Rashi : biography

1040-2-22 – 1105-7-13

Rosh yeshiva

He returned to Troyes at the age of 25, after which time his mother died, and he was asked to join the Troyes Beth din (rabbinical court). He also began answering halakhic questions. Upon the death of the head of the Bet din, Rabbi Zerach ben Abraham, Rashi assumed the court’s leadership and answered hundreds of halakhic queries. In around 1070 he founded a yeshiva which attracted many disciples. It is thought by some that Rashi earned his living as a vintner since Rashi shows an extensive knowledge of its utensils and process, but there is no evidence for this. Most scholars and a Jewish oral tradition contend that he was a vintner.http://www.winealign.com/wines/6875-Rashi-Vineyards-Joyvin-White-Kpmhttp://www.myjewishlearning.com/texts/Bible/Torah/Commentaries/Rashi.shtmlMaurice Liber, Rashi, trans. Adele Szold (Philadelphia: Jewish Publication Society, 1906), p 56; Irving Agus, The Heroic Age of Franco-German Jewry (New York: Yeshiva University Press, 1969), 173; Israel S. Elfenbein, "Rashi in His Responsa," in Rashi, His Teachings and Personality, ed. Simon Federbusch (New York: Cultural Division of the World Jewish Congress, 1958), p 67; Salo W. Baron, "Rashi and the Community of Troyes," in Rashi Anniversary Volume, ed. H. L. Ginsberg (New York: American Academy for Jewish Research, 1941), p 60. "Rashi was a vintner who grew grapes and sold wine." The only reason given for the centuries old tradition that he was a vintner, being not true is that the soil in all of Troyes, is not optimal for wine growing grapes, claimed by the research of Rabbi Haym Solevetchik. Earlier references such as a reference to an actual seal from his vineyard Oxford Bodleian Ms. Oppenheim 276, p. 35a, cited by Grossman, The Early Sages of France, 132; 135, n. 45. are said not to prove he sold wine just fermented his grapes for his own use.

Although there are many legends about his travels, Rashi likely never went further than from the Seine to the Rhine; the utmost limit of his travels were the yeshivas of Lorraine.

In 1096, the People’s Crusade swept through the Lorraine, murdering 12,000 Jews and uprooting whole communities. Among those murdered in Worms were the three sons of Rabbi Isaac ben Eliezer Halevi, Rashi’s teacher. Rashi wrote several Selichot (penitential poems) mourning the slaughter and the destruction of the region’s great yeshivot. Seven of Rashi’s Selichot still exist, including Adonai Elohei Hatz’vaot", which is recited on the eve of Rosh Hashanah, and Az Terem Nimtehu, which is recited on the Fast of Gedalia.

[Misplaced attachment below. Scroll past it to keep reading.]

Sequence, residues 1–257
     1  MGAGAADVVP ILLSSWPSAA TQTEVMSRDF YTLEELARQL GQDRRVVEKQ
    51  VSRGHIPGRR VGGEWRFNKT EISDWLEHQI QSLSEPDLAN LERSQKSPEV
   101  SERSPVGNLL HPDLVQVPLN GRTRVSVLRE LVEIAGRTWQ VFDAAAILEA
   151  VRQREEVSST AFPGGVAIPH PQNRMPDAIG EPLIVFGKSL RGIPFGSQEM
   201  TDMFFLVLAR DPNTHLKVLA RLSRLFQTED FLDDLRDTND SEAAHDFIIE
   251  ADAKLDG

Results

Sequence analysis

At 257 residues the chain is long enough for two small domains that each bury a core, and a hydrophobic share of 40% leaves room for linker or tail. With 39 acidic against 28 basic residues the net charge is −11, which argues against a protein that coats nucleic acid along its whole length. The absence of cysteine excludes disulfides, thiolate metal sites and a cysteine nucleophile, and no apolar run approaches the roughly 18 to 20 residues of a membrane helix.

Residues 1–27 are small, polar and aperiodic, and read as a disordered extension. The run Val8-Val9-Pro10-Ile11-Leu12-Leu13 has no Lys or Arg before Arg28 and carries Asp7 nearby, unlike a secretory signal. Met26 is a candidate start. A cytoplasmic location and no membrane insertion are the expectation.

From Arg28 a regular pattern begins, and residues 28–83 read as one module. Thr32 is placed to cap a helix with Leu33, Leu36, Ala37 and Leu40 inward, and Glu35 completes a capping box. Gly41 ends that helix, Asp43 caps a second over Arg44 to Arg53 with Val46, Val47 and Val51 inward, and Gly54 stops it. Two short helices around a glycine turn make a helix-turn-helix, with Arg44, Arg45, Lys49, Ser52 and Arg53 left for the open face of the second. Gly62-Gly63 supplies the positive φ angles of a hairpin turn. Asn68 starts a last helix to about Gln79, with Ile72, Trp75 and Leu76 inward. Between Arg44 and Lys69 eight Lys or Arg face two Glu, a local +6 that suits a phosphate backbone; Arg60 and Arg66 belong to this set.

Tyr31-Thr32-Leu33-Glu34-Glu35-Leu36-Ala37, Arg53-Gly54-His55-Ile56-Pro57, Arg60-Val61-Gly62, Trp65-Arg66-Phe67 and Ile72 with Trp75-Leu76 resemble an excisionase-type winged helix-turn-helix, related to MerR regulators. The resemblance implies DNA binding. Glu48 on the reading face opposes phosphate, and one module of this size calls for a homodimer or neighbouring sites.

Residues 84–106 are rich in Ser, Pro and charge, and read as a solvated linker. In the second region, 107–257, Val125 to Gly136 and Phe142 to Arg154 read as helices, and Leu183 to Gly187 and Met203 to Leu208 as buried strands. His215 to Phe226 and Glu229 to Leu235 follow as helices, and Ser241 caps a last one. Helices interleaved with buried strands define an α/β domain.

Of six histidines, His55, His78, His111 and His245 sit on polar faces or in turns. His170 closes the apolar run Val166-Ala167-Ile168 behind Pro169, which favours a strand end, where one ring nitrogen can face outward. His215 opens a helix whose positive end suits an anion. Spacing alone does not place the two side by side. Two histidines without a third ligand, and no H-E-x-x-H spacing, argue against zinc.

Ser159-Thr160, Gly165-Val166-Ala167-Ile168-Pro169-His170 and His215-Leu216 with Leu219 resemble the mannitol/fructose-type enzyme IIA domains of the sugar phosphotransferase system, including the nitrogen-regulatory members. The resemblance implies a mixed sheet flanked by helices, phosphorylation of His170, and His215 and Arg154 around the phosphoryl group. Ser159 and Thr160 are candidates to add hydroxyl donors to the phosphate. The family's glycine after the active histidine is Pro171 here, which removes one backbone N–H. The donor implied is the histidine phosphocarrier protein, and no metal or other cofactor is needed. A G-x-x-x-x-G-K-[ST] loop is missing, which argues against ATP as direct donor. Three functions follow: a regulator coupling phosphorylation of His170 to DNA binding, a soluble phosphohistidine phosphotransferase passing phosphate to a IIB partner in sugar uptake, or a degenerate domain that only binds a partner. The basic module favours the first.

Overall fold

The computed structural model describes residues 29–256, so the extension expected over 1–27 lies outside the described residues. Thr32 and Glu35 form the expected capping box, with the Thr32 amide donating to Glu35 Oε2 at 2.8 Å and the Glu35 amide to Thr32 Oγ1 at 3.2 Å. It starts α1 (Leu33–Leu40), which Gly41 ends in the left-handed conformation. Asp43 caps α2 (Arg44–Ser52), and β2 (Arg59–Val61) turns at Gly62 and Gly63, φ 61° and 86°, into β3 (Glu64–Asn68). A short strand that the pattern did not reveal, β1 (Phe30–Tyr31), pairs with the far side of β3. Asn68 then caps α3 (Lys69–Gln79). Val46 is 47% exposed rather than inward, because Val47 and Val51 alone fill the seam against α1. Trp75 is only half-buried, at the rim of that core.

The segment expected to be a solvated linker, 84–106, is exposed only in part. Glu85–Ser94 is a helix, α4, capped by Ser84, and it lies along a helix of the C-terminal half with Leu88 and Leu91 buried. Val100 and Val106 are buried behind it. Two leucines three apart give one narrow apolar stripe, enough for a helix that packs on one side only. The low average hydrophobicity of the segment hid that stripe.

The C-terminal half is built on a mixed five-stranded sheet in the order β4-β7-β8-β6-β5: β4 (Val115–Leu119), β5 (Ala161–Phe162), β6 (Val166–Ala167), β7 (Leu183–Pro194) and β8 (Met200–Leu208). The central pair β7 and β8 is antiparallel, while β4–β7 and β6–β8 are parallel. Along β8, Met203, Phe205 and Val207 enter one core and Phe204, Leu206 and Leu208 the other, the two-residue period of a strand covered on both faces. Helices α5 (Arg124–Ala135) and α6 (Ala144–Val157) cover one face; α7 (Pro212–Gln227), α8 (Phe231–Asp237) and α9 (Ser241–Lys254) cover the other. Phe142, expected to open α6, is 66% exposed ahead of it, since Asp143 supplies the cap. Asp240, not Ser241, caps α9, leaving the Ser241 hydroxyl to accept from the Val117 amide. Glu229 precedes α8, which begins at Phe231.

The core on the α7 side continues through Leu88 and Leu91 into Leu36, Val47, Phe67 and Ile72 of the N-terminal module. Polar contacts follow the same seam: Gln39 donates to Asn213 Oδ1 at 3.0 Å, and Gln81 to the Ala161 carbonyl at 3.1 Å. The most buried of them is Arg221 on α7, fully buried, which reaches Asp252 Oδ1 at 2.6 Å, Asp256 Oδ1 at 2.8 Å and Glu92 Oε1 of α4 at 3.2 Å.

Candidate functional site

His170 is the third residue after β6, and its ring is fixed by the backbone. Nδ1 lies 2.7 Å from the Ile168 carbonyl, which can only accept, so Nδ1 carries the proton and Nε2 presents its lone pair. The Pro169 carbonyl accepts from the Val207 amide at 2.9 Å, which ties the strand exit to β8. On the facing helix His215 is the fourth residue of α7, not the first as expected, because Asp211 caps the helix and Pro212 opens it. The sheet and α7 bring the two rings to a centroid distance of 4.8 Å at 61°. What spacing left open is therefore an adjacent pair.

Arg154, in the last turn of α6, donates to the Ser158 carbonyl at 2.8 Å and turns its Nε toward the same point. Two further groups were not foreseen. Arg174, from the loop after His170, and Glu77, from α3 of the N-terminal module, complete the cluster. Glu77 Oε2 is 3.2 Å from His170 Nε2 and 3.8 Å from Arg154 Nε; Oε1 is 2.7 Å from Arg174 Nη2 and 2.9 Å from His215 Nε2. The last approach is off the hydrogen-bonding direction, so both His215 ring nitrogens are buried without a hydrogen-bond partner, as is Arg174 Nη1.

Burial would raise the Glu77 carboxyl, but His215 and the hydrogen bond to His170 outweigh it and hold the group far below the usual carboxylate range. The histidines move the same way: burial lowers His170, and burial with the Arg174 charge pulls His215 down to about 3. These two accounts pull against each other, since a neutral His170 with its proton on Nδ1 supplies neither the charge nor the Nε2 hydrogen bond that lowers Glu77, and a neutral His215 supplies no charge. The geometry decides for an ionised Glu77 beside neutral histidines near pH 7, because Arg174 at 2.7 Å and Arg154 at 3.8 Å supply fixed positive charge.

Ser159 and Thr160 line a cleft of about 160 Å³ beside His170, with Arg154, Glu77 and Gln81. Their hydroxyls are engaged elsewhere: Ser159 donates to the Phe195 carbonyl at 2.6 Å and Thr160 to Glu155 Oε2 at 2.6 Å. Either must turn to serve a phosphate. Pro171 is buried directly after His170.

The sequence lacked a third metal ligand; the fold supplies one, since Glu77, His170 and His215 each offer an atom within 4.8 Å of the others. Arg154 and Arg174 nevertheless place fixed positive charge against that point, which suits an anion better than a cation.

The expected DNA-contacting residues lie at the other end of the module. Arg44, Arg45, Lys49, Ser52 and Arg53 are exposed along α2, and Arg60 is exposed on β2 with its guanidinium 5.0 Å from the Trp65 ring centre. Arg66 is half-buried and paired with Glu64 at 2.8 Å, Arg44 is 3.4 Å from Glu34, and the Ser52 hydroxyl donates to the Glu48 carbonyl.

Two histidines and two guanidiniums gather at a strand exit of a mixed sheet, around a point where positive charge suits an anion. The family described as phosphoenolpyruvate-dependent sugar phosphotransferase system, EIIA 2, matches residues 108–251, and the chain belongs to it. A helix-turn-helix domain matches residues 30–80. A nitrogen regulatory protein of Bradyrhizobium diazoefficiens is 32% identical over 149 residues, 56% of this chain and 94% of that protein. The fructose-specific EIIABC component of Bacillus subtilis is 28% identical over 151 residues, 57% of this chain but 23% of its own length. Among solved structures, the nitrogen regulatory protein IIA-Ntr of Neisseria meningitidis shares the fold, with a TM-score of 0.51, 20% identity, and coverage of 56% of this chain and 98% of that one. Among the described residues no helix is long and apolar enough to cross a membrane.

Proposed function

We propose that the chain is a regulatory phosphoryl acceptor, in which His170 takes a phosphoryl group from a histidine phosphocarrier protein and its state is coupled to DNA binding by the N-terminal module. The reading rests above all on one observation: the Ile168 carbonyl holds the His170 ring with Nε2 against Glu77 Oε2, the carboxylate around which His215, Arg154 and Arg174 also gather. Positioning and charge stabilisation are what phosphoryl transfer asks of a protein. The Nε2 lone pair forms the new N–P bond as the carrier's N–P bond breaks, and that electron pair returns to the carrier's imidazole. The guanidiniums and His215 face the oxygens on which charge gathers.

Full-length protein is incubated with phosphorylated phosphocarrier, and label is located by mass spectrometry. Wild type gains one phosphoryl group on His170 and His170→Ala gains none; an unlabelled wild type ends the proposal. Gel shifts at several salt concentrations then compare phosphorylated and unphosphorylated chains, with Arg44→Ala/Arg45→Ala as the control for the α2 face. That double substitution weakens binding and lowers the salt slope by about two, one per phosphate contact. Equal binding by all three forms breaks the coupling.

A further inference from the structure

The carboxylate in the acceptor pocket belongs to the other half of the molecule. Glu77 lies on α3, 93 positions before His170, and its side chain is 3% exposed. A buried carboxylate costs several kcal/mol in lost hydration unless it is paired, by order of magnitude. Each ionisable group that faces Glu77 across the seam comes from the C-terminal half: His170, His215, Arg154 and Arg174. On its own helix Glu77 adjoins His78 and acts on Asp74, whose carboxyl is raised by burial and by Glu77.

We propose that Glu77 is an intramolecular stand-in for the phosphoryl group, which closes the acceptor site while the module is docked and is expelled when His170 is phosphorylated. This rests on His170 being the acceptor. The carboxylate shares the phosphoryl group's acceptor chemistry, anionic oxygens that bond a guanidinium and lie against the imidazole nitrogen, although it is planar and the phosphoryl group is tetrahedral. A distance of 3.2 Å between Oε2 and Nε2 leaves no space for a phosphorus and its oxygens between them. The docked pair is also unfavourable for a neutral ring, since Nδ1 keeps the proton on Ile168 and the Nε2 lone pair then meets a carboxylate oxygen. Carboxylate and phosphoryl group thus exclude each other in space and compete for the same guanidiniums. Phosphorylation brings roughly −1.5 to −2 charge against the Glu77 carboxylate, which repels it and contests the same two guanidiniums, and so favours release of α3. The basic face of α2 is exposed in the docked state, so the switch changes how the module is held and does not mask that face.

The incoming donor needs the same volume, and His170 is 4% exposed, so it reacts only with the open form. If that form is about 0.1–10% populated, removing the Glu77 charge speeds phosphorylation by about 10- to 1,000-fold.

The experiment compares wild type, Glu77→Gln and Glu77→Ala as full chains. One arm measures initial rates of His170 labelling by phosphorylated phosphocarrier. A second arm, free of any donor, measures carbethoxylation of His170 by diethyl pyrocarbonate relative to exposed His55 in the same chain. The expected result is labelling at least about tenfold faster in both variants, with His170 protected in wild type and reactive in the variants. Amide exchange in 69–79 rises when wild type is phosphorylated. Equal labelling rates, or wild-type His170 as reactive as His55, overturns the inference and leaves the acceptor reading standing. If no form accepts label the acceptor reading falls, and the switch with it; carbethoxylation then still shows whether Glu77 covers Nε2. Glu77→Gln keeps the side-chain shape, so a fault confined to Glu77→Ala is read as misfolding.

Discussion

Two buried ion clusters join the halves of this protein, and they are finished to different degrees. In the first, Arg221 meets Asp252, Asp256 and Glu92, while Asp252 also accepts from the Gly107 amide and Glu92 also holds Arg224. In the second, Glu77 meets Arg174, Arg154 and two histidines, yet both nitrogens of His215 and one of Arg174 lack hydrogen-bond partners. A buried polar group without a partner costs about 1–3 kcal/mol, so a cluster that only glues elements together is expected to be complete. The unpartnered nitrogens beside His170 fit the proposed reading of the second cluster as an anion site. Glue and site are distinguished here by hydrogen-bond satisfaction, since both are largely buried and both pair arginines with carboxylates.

Death and burial site

Rashi died on July 13, 1105 (Tammuz 29, 4865) aged 65. He was buried in Troyes. The approximate location of the cemetery in which he was buried was recorded in Seder Hadoros, but over time the location of the cemetery was forgotten. A number of years ago, a Sorbonne professor discovered an ancient map depicting the site of the cemetery, which now lay under an open square in the city of Troyes. After this discovery, French Jews erected a large monument in the center of the square—a large, black and white globe featuring a prominent Hebrew letter, Shin (ש) (presumably for "Shlomo", Rashi’s name). The granite base of the monument is engraved: Rabbi Shlomo Yitzchaki — Commentator and Guide.

In 2005, Yisroel Meir Gabbai erected an additional plaque at this site marking the square as a burial ground. The plaque reads: "The place you are standing on is the cemetery of the town of Troyes. Many Rishonim are buried here, among them Rabbi Shlomo, known as Rashi the holy, may his merit protect us".


Rashi had no sons, but his three daughters, Miriam, Yocheved, and Rachel, all married Talmudic scholars. Legends exist that Rashi’s daughters put on tefillin. While some women in medieval Ashkenaz did wear tefillin, there is no evidence that Rashi’s daughters did so.Grossman, Avraham. Pious and Rebellious: Jewish Women in Medieval Europe. Brandeis University Press, 2004.)